While the service lasted two hours, it was very pleasant.  Our years of Catholic education certainly helped as Matt and I generally knew what was going on.  There was also a handy written program, so I could even say the responses (the shorter ones or I got lost) and sing in Spanish.  The Our Father, which should have been easy, was confusing, so I am not exactly sure what was going on for that.  All 48 children participated in some fashion by reading petitions, bringing up the gifts etc., which was nice.  I had considerable anxiety during communion when everyone was taking the wafer directly in the mouth, a practice long discontinued in the US.  So I intently watched the line and was relieved when I saw one woman extend her hands.  Then I saw she was noticeably pregnant.  Was there some special pregnancy rule? By the time we were headed up to the altar, I had seen two other women, neither who appeared to be pregnant, do the same, so I held out my hands and was awarded my host (and not whacked with a ruler by the nun dispensing communion).  Whew.  Poor Mistina, who is not Catholic, was being urged by the children to take communion.  She explained that she was not Catholic and received stunned, uncomprehending looks.  So on Monday she had to explain where her Christian beliefs and their Catholic beliefs intersect and diverge.  She said the kids are still a little shocked that she isn’t Catholic.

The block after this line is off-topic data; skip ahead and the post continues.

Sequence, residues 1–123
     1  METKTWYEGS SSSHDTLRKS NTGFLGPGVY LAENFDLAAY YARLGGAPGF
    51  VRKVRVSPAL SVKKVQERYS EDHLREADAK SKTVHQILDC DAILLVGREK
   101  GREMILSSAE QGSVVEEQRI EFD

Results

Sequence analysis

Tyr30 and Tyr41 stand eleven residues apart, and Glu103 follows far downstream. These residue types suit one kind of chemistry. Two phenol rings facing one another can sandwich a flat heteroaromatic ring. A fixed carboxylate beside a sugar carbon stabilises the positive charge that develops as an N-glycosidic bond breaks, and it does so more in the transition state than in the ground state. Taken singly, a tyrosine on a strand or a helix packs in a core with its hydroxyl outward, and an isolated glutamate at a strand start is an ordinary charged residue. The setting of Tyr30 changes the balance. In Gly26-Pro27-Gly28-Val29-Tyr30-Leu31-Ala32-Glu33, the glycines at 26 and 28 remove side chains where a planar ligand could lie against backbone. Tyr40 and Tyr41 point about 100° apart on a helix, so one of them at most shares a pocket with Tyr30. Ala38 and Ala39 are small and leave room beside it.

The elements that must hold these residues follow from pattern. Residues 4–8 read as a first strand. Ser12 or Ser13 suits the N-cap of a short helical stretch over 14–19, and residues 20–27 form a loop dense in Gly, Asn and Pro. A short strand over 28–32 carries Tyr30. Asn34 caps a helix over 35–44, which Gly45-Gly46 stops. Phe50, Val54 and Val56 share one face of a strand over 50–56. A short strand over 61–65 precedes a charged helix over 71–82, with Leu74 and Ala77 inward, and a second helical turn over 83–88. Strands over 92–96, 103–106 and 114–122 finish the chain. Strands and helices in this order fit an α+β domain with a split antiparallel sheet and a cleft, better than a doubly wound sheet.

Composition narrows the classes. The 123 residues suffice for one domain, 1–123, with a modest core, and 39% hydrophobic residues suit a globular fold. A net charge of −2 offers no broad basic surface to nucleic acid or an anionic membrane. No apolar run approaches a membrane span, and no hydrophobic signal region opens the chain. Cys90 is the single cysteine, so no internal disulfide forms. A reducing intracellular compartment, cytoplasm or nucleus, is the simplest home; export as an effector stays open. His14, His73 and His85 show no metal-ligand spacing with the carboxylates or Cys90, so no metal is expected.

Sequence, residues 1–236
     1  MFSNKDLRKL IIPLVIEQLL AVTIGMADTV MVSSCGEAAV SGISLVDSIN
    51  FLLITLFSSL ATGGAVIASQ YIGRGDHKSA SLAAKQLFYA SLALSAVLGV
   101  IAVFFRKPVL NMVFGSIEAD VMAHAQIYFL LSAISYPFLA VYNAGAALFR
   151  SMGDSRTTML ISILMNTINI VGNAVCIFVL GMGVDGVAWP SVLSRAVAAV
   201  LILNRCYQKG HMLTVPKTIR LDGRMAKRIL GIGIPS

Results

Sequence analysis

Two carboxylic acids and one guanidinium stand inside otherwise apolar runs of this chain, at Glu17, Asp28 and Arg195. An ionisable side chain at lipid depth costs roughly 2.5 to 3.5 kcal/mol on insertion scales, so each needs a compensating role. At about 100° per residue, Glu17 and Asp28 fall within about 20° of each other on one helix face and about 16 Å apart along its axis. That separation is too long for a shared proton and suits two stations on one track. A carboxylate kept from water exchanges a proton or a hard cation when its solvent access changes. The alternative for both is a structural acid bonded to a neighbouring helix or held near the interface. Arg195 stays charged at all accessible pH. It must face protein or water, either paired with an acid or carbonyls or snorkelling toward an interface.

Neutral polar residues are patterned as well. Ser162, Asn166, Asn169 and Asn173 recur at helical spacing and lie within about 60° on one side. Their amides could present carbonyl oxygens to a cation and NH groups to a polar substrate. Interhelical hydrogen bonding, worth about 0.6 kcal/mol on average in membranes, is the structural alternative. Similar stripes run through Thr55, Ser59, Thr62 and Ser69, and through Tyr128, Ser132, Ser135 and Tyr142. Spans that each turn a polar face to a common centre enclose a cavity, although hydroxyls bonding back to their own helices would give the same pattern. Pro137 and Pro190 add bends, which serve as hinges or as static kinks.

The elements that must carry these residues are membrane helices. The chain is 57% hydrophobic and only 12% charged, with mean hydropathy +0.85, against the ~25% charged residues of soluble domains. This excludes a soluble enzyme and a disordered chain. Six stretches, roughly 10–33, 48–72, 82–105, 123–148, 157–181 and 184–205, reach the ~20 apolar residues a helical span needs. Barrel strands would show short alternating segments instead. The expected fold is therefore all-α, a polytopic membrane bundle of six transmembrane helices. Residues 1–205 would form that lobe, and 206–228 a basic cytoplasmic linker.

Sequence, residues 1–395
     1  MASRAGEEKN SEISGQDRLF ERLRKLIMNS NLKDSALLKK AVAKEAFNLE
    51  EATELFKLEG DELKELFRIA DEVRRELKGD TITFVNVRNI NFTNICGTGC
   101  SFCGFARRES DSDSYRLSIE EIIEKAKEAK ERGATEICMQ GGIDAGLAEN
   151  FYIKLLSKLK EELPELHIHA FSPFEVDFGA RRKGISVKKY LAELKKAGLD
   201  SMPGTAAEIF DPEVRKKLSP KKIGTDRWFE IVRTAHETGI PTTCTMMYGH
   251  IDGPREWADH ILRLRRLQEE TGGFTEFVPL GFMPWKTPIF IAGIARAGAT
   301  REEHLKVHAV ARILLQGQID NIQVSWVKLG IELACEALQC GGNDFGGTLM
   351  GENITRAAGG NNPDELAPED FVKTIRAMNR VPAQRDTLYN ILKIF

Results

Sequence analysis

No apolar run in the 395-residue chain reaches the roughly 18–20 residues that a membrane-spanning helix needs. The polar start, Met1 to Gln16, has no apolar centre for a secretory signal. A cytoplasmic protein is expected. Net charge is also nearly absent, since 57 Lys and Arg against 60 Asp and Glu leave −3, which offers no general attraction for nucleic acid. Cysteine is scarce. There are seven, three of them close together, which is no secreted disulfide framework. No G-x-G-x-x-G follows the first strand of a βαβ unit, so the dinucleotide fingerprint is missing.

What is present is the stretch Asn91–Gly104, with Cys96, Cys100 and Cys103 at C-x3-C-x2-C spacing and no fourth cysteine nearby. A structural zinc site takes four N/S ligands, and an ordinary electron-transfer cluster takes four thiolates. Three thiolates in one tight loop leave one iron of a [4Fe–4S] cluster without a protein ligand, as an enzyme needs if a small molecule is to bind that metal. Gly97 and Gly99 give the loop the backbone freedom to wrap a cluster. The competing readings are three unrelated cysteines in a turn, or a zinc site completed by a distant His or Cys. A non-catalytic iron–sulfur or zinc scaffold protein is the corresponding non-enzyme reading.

After church we wandered to the Belén museum and ended our outing with a baby mummy and a skeleton.  All in all, a lovely day!

Tambo Colorado (Vacation Part VII – Final Site)